Hi Marcia - Reading and sipping my latte on the back porch this morning was so lovely. I'm still reading China Galland's "Bond Between Women" and here's a confession: I don't specifically recall our conversation that inspired you to lend this book to me. My thought when you handed it to me was I would remember during the read. I don't yet, but that morsel of extra inspiration to remember has been an element that has been bringing me back from my incessant "shiny things" distractions. I seem to glean something juicy from every brief read. The list of family and friends I want to buy this book for is continuously growing. And my bond with the women in my life - with my mom and sisters and Lana - seems to be evolving somehow. I'm so grateful.
This morning I'm at the part where she is in Varanasi. She is meeting her friend Tara again and is just stopping over on her way to Calcutta for a Kali puja. Samuel Salsbury and I spent two full days together last week, recording, jamming, kirtan-ing, socializing around a backyard fire with the most stunning firefly light show. (Fireflies this year!! Whoa!) He has mentioned numerous times he would love to tour Lana and I around Varanasi this next year if we want to take a detour there during the sabbatical. We're currently looking at a western-Europe vacationey kirtaning journey between southern Portugal and Sweden. Admittedly I'm not aware of a deep yearning to go to India as so many of my "friends on the path" seem to experience. But here it is again, a story of Varanasi, and similar to Samuel's telling, and Brenda's accounts, gorgeous, rich descriptions of the Ganges and culture-wide devotion like I've not seen. Temples and pujas and celebrations that would no doubt settle deeply into me. Maybe that deep yearning to visit India is awakening?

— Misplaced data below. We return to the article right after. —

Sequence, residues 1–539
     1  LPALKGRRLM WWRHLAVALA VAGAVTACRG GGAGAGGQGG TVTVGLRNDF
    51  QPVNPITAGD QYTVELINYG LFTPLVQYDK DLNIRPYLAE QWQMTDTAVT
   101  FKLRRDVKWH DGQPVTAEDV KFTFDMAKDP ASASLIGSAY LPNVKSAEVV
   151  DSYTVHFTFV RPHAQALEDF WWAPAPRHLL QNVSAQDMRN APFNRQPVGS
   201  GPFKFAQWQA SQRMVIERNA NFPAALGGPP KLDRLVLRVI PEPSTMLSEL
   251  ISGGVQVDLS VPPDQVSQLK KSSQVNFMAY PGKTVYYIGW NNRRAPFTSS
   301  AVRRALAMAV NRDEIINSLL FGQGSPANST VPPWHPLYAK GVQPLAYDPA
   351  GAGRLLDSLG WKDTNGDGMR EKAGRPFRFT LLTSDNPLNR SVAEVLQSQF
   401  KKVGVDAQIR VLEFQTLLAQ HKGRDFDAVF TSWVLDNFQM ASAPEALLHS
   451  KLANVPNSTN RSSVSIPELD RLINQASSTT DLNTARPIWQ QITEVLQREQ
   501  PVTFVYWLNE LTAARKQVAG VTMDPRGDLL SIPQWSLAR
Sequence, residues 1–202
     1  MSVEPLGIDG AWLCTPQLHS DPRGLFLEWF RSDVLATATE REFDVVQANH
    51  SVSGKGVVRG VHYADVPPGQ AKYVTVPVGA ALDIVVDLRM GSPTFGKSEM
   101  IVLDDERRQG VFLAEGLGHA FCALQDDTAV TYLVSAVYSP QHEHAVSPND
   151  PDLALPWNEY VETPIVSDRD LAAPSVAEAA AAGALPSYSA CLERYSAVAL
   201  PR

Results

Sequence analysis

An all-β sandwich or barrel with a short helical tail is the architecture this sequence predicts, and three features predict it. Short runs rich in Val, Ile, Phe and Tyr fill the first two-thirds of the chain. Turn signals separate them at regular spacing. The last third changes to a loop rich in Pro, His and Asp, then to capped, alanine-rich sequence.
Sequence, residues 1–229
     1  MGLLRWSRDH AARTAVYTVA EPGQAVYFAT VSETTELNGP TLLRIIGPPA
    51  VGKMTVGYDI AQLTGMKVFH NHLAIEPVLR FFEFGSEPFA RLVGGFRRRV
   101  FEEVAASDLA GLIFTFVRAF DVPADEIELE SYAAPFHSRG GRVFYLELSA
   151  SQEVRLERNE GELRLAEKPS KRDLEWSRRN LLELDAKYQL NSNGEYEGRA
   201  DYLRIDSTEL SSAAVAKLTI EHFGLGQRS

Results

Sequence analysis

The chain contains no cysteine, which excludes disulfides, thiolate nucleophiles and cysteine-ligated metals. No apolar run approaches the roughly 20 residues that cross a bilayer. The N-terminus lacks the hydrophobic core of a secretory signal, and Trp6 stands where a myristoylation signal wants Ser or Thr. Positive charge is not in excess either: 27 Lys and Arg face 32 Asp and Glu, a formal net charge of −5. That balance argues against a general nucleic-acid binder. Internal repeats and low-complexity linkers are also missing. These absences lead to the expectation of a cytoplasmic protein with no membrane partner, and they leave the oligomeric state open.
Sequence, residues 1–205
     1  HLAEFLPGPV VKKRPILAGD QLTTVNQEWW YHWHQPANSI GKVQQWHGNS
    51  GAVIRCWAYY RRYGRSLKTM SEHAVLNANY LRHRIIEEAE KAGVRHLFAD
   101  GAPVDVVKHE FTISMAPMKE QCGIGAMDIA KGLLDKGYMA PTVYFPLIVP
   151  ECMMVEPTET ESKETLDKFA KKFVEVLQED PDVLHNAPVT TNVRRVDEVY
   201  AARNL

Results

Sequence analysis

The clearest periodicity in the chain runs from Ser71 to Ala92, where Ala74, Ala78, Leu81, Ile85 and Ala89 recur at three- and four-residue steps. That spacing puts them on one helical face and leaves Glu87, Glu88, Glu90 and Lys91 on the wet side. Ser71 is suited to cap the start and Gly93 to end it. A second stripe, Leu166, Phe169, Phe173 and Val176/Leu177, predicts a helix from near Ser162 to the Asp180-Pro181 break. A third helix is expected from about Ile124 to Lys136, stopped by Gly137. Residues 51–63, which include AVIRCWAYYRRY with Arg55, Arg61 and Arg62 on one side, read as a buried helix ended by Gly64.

This is the yellow-highlighted passage I read a couple times this morning was the catalyst for emailing you.
"Hope is not what you mean, China. It's grace, that's what you're talking about. It's inappropriate to expect hope. It's irrelevant. It's born out of denial. Hope doesn't walk you through the narrows."
I get that. I FEEL it!! Hope seems born of the mind, it's conceptual. Grace somehow eludes conceptualizing, and remains more of a feeling. It seems to live somewhere around the intuition of my guts and the knowing in my heart.
"Grace and faith are much more of what we have, What's available. I think the Dalai Lama has given up hope. He's found grace. Hope is a burden."
Is hope what happens when your mind gets hold of grace? I have friends who's life focus seems to be 'recovery'. At the root of so much of their action is returning back to a better time, restoring themselves to an idea of a past state. To an IDEA of how they felt in the past. That does seem burdensome.
Admittedly, I've had a reasonably pain-free go of things so far. My recent toothache reminded me of how disorienting and overwhelming pain can be. When I focused on the fact it was temporary -"this will dissipate soon, at least after I see the dentist" - I was able to move forward. Without that hope I can imagine getting stuck in a fantasy about how it was when I wasn't in pain, maybe even welcoming death. It was bad. So I guess these comments about hope are around less immediate and coarse/gross experiences, like political or state-of-the-planet issues.
There seems to be a blurriness to hope, a dull vibration. Maybe since it is often so vividly conceptualized. Hope doesn't seem as real as faith. Hope begs doing something we think will manipulate things toward an idea of what the experience should be. The mind guiding the mind, at times even forcing the issue. And sometimes it works, sometimes the herbal supplement brings balance, sometimes the protest brings change.
But grace. Even the word brings ease. Grace. It's an invitation to the universe to flow right through you. Yet it's more than that, it feels like both an invitation and a confession. Not a confession of guilt, but of power. We have it, it's already here, and maybe we're afraid to admit it. Not a confession of confusion, but of not knowing. I think that is a critically important distinction. "I don't know and it's ok."
Grace gives the mind nothing to do.
I'm still not reminded of our conversation that inspired you to lend me the book, but I suspect grace is somehow involved.